As with all reformulating goals, lowering saturated fats is only one piece of the puzzle. Often it runs into other priorities such as having a clean ingredient label or sustainably sourced fats and oils. This can tie up formulators’ hands when it comes to choosing options.
“Reducing saturated fat content in not only baked goods but food products in general feeds into the increasing trend for better-for-you products,” said Anita Srivastava, PhD, certified food scientist and senior technical service manager, Bakery, Kemin. “This trend intersects with clean label and sustainability as many times consumers are looking for products that meet all three of these demands.”
Clean label can mean a lot of different things to consumers, and that’s part of the challenge. Non-GMO and organic often check that box, and hydrogenation has not fully recovered in the eye of the consumer from the shadow cast by partially hydrogenated oils.
“There is a lot of confusion among consumers because they associate the term hydrogenation with partially hydrogenated oils and trans fats. However, formulating with fully hydrogenated oils allows food manufacturers to produce bakery products with no trans fats,” said Jamie Mavec, marketing manager for edible oils business, Cargill. “But there is consumer confusion around the term, so bakers could move to a different type of oil or an interesterified product, which oddly enough, even though interesterified is a less familiar term to consumers, it is not as negative as hydrogenation.”
When reformulating to reduce saturated fats, bakers also need to be aware of how any added ingredients to replace functionality may play with clean label consumers.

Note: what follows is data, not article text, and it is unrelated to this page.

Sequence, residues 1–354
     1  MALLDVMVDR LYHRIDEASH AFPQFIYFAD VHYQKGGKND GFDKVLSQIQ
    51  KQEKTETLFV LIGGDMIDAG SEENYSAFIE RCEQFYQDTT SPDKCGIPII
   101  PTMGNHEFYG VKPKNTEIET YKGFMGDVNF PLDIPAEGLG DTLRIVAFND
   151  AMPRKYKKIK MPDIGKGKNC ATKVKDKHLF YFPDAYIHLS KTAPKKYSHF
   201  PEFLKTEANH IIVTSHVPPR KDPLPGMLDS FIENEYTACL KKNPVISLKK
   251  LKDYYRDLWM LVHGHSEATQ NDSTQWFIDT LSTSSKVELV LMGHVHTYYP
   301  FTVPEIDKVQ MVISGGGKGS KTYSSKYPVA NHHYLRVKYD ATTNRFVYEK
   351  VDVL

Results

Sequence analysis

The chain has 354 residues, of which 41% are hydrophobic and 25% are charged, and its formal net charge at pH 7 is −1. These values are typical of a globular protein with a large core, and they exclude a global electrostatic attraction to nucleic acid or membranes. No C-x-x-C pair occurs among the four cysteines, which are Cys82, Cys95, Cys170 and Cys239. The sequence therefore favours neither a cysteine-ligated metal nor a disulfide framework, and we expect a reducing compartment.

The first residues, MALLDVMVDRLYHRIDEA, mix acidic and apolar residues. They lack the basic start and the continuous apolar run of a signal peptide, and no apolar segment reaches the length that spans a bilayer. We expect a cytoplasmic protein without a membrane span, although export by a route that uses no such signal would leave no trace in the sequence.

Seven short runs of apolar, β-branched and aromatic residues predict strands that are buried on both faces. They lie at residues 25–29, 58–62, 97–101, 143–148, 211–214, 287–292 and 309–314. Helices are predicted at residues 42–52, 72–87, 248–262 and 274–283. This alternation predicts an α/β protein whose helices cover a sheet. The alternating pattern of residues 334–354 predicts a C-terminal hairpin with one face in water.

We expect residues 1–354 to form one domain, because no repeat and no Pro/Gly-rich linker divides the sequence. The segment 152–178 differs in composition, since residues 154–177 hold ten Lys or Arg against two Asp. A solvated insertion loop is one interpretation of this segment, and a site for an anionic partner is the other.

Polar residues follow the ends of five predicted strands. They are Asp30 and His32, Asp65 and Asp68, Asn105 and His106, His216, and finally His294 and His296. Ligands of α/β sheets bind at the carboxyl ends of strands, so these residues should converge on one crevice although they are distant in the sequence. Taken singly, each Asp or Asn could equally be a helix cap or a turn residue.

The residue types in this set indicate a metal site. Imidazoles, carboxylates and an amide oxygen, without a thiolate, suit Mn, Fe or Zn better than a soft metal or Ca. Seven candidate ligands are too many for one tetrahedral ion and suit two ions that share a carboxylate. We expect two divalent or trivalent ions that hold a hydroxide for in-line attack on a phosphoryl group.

“When you’re substituting from saturated fats and remove them from the label, you always end up with the possibility of adding in other products to get those characteristics, and those might not contribute to the clean labels,” said Dennis Strayer, oils consultant for the United Soybean Board.
While decreasing saturated fat is important to consumers, fat ingredients can also contribute to the nutritive qualities of a baked good.
“Fats perform a myriad of functions for overall human well-being and physiology,” said John Satumba, PhD, global bakery technical lead and regional director for North America, Cargill. “The fatty acids in triglycerides are essential for human physiology. These are delivered through fat consumption.”
Soybean oil can be a source of omega-3 linolenic acid and sunflower and soybean oils both contain omega-6 linoleic acid, according to Andrea Weis, customer innovation application specialist, AAK USA.
“AAK fats and oils are derived only from plant sources, therefore our products don’t contain cholesterol,” she said. “Additionally, unsaturated fatty acids help to lower LDL cholesterol, of which high levels are tied to an increased risk of cardiovascular disease.”
Bakers can make some health claims with soybean and high oleic oils, but Mr. Strayer warned that these claims can be cumbersome to get just right.
“Bakers can use the term ‘heart healthy’ and feel comfortable that they are being recognized as being heart healthy in the marketplace,” he said.
This article is an excerpt from the April 2021 issue of Baking & Snack. To read the entire feature on fats & oils, click here.